On his side Ambassador Okada said that his Government decided to assist financially this network including its centre of Lekrimuni after realizing that in some Africa families the women are subjected to treatment which is retrogressive and could contribute to abject poverty if there are no intervention measures.

According to Selasini, with this financial assistance the centre is expected to provide children with pre-school studies, being sensitized against FGM and other harmful traditional practices, being constantly monitored and prevented from parents’ temptation to put them through FGM and marrying them off.
So far the following areas have been identified as being notorious in FGM in Tanzania – Dodoma, Singida, Tarime, Simanjiro and Siha among the Maasai communities. But in essence forced marriages exist in many pastoral communities whereby girls are seen as sources of income through cows which are obtained in the form of dowry.

Other projects that were sponsored by the Japanese Government included the Rungwe District Council for the expansion of Katumba 11 Primary School for the Disabled which received US$ 112,092. Another beneficiary is the Registered Trustees of Share and Care Foundation for the construction of orphan’s hostels at Kakora Primary School in Kwimba District, Mwanza Region US$79.054.

The grant was also extended to Buza Primary School for improvement of Safety and Sanitation at Buza Primary School in Temeke Municipality, Dar es Salam Region US$111, 095.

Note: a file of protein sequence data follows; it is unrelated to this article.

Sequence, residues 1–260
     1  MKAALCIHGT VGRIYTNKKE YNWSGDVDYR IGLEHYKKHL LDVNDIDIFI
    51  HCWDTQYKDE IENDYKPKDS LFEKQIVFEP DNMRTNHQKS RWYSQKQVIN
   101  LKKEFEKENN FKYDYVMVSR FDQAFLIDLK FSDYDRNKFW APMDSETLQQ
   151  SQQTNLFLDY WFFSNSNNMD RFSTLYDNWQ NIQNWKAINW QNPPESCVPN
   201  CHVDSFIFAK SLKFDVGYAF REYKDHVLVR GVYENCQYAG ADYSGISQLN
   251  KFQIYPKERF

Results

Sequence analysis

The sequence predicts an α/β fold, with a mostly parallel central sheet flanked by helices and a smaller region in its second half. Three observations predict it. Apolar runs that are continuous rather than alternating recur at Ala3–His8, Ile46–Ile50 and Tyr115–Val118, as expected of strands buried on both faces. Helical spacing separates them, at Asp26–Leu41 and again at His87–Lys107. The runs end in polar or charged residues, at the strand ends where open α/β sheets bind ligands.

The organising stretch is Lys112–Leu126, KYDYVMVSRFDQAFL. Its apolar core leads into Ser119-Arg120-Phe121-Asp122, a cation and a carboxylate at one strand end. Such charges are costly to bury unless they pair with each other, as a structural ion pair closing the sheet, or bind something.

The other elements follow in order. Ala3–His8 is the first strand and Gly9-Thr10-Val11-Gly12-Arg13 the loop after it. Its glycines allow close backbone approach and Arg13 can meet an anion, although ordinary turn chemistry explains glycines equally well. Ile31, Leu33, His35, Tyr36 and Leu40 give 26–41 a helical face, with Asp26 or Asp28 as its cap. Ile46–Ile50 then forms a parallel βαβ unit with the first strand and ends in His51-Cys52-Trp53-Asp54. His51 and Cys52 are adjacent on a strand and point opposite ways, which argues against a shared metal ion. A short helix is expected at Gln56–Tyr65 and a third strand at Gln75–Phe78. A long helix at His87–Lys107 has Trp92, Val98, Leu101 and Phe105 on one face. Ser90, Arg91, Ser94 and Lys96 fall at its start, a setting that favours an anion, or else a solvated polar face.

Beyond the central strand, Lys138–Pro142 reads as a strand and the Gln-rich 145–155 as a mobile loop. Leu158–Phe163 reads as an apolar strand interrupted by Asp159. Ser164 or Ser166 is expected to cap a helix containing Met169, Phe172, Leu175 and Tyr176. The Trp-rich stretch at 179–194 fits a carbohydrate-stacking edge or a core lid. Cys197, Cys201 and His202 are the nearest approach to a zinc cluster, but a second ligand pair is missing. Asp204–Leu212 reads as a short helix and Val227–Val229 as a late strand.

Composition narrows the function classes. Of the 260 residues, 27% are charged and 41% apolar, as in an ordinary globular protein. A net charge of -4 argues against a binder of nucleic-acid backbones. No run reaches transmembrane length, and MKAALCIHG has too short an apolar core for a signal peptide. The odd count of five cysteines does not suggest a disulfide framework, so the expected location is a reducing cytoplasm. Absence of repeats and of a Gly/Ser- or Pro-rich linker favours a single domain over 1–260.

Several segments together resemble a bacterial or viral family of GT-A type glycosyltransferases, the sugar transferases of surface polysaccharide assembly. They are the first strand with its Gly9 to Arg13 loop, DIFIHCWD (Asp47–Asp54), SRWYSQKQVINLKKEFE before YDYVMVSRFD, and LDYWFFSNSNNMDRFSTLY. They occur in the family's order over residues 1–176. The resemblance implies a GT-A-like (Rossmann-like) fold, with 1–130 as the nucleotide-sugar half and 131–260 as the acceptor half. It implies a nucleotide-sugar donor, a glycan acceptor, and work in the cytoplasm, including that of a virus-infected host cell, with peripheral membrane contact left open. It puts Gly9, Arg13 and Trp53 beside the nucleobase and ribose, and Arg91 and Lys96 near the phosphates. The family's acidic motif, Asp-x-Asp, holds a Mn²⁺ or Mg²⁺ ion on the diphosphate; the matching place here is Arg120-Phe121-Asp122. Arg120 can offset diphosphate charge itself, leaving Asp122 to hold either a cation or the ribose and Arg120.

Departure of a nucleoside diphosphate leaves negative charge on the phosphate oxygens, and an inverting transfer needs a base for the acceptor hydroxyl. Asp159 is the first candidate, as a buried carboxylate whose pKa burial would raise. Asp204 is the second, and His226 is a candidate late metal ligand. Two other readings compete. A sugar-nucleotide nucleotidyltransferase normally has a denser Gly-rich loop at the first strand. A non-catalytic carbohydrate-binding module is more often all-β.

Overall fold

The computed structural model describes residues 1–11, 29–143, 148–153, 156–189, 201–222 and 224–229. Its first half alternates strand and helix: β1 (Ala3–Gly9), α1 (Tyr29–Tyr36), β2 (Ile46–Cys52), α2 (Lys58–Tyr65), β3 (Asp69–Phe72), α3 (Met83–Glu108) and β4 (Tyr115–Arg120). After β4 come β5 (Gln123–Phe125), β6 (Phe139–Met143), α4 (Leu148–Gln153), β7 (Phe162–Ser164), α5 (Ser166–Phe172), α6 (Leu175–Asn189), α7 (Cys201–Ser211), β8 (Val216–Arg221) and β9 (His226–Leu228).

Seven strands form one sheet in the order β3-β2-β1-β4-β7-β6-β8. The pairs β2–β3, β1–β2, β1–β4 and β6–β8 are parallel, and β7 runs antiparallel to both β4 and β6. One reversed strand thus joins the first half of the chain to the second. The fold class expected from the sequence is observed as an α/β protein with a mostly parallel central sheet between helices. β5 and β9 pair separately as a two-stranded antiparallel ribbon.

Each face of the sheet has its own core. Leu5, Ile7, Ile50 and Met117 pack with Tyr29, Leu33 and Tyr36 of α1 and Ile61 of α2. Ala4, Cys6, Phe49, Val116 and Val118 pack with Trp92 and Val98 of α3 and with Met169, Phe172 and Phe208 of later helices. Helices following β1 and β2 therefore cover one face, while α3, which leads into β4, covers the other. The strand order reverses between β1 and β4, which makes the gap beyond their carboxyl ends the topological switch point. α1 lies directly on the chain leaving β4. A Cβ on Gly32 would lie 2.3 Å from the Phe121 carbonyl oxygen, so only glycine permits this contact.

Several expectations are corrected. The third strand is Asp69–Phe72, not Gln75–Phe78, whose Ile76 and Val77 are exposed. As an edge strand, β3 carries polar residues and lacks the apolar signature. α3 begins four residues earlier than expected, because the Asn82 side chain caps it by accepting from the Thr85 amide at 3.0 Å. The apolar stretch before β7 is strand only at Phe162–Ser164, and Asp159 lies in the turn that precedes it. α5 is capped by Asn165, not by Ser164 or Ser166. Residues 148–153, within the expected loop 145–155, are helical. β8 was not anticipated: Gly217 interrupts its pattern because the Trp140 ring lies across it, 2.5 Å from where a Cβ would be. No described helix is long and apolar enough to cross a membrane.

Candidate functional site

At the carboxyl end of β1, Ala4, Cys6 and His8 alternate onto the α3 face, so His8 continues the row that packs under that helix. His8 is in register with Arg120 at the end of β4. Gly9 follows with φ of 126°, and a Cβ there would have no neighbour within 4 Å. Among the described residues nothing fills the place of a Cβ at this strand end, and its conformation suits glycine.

AUTHOR: Elias Mhegera
URL: http://mhegeraelias.blogspot.com
E-MAIL: mhegeraelias [at] yahoo.com

Comments

Leave a Reply





  • agriculture (29)
    book (3)
    briefing (16)
    business & trade (21)
    child (92)
    consumption (3)
    corruption (20)
    crime (152)
    culture (30)
    defence (15)
    deforestation (6)
    democratization (54)
    demography (6)
    Discovery (5)
    drugs (73)
    Dutch foreign policy (3)
    economic (105)
    education (28)
    effectiveness (3)
    election (64)
    embassy news (1)
    emergency (8)
    energy (42)
    environment (144)
    Eurasia (36)
    Europe (36)
    fair trade (5)
    flora & fauna (24)
    foreign aid (28)
    foreign embassy in the Netherlands (2)
    foreign policy (56)
    gender (17)
    global (270)
    globalization (5)
    health (95)
    history (19)
    homosexuality (4)
    human rights (309)
    hunger & food (20)
    immigration (3)
    infrastructure (28)
    intelligence (7)
    interview (26)
    Latin America (214)
    list (5)
    media (64)
    Middle East (358)
    Millennium Development Goals (21)
    minorities (41)
    movement (38)
    multilateral organizations (40)
    narration (5)
    natural disasters (9)
    Netherlands (31)
    NGO (20)
    NL-Aid (8)
    Northern Africa (187)
    Northern America (130)
    nuclear (4)
    opinion (37)
    Pacific (2)
    peacekeeping (1)
    politics (129)
    poverty (27)
    racism (2)
    raw material (30)
    reconstruction (1)
    refugees (20)
    religion (23)
    remembrance (3)
    research (11)
    revolt (186)
    Royal Dutch Embassy (1)
    sanitation (16)
    slums (2)
    South Asia (451)
    South-east Asia (112)
    study (19)
    Sub-Saharan Africa (446)
    technology (14)
    terrorism (90)
    tourism (6)
    trade (11)
    transport (6)
    Updaid (1)
    war & conflicts (145)
    war crimes (36)
    water (40)
    whistleblower (8)
    women (54)

    WP Cumulus Flash tag cloud by Roy Tanck requires Flash Player 9 or better.

Page 1 of 11